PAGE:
The IT sector is one of the sectors lapping up SDN with lot of enthusiasm. Dr Siddhartha Chatterjee, Chief Technology Officer, Persistent Systems says, ” One of our goals is to have a seamless integration with a cloud platform, with a number of platforms we are developing. We are also expanding rapidly across different geos and having interfaces for setting policies and provisioning services across the network demand compute, storage and network for each individual employee. Application-based policies will decouple high level application connectivity from the complicated details of network configuration. This will lead to operational simplicity and hence lower the overheads. We need a way for applications to be deployed easily, scaled rapidly and without a need for having long lead times through our IT department for the network side of things. The success measure is to reduce application deployment times from weeks to minutes. SDN will provide a powerful framework for hosting and adding value to cloud automation solutions, which provide higher level workflow and process automation services, a single management interface to configure/re-configure networks across different sites/geo is extremely critical. The SDN implementation process is ongoing and will be completed over next two to three quarters at the organization.”

Giving his view on impactful implementation of SDN, Paul of Juniper Networks says, “As such, when building a networking infrastructure, two tenets are always key – resiliency and agility. And SDN is the answer to these two critical factors. Specifically, the areas to pay attention to when setting-up your SDN infrastructure are: an Open Infastructure – allowing you to avoid vendor lock-in and which reduces operational expenses significantly, being standards-based – which allows interoperability and the ability to reuse existing infrastructure, and that of having a hybrid framework – where one must consider both an overlay (brownfield deployment) and an integrated approach (greenfield).”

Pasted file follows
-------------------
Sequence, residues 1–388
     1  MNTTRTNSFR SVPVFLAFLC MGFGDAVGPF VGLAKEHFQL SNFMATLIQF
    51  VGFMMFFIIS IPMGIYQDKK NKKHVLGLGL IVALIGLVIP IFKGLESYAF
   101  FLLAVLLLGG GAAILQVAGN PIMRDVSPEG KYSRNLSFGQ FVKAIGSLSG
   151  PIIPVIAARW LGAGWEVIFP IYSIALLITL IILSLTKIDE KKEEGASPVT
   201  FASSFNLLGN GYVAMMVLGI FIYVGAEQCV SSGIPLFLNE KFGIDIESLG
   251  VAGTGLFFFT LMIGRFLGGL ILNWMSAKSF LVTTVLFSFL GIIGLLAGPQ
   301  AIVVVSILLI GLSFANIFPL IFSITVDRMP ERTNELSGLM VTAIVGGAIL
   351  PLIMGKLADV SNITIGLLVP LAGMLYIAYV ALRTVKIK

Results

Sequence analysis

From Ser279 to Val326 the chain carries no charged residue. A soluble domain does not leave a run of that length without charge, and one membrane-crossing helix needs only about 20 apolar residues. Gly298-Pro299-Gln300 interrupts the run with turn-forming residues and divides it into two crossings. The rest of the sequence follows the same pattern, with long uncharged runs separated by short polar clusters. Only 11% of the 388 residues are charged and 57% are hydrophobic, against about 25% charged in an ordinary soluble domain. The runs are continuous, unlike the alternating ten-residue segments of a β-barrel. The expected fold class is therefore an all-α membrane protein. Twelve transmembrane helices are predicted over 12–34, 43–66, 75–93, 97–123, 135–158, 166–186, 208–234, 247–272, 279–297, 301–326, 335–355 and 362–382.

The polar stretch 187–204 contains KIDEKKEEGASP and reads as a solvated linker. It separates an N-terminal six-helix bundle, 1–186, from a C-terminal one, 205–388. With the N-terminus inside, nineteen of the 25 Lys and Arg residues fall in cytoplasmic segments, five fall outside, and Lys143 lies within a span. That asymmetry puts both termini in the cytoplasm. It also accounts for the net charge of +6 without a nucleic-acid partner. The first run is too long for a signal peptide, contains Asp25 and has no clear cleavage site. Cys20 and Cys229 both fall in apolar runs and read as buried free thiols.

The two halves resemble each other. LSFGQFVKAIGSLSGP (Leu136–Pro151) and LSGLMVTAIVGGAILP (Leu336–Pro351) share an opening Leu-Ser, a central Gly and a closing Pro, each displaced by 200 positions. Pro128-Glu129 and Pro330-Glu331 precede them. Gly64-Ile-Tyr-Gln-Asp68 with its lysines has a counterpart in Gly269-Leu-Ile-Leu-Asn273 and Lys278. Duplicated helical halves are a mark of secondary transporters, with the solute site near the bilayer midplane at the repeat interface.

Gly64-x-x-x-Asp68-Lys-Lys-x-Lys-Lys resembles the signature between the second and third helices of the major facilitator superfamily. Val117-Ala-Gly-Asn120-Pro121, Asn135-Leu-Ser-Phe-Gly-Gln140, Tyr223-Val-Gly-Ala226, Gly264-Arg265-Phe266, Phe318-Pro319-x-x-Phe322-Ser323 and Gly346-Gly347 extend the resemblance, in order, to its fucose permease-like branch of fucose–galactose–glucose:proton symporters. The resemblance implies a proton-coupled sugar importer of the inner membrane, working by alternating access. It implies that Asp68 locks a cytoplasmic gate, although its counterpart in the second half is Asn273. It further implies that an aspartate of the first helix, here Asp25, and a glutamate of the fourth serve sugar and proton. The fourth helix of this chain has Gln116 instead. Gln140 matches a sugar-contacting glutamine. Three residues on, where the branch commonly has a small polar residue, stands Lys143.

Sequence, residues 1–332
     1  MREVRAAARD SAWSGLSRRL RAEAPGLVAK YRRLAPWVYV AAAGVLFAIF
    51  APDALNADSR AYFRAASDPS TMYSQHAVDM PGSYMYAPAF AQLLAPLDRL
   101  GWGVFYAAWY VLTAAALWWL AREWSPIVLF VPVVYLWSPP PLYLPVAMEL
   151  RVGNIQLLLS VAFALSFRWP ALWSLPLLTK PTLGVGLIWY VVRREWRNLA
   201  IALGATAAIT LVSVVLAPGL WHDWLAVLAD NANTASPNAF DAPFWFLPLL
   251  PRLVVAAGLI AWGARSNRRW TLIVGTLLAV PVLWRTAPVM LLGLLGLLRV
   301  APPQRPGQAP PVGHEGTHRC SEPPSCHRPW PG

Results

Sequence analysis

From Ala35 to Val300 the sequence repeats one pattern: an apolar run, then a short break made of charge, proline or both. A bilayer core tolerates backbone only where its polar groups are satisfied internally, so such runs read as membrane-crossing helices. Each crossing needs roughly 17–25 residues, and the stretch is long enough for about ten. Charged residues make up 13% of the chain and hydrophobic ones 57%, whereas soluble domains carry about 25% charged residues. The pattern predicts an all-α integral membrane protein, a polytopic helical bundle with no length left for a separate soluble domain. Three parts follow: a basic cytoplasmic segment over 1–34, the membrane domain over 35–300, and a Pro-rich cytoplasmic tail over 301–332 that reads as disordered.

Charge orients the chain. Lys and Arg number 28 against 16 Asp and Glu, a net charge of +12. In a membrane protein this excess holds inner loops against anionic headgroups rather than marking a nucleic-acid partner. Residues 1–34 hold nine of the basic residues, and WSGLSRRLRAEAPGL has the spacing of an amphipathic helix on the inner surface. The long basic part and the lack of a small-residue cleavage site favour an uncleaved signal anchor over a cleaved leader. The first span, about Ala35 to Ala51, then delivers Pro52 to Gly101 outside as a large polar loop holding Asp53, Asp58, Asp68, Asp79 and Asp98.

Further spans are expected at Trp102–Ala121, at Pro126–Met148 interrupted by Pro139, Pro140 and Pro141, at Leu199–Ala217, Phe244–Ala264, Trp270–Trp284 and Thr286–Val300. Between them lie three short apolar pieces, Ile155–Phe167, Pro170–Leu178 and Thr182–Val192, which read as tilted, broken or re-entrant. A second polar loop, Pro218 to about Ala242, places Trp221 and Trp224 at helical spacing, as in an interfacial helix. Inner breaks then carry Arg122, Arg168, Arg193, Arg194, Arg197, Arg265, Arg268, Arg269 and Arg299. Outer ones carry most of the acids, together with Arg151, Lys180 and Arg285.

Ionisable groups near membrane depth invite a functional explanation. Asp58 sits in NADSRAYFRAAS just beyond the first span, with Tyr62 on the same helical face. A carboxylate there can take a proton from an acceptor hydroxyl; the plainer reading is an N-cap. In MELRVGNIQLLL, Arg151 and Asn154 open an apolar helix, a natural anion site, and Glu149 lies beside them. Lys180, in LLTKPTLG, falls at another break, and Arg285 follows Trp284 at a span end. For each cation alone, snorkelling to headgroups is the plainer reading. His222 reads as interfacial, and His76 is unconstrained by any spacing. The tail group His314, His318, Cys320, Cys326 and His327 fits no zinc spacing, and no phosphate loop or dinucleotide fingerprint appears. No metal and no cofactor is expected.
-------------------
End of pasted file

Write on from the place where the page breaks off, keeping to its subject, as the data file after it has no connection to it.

As the focus of enterprises is shifting towards IoT, SDN implementations are sure to mushroom in a slow yet steady manner. “While SDN is fast becoming a reality, it still has some way to go before it becomes industrialized in the market. Many of our clients have done proof-of-concepts on SDN and some have already adopted it for non-production environments. There is already a significant adoption among telecom and cloud service providers due to their excessive use of network functions and specialized devices,” states Deshpande of Cognizant.

In a digital era where new business models are challenging and disrupting industries rapidly, SDN as a technology will be in demand as Indian enterprises seek to quickly launch new services backed by technology.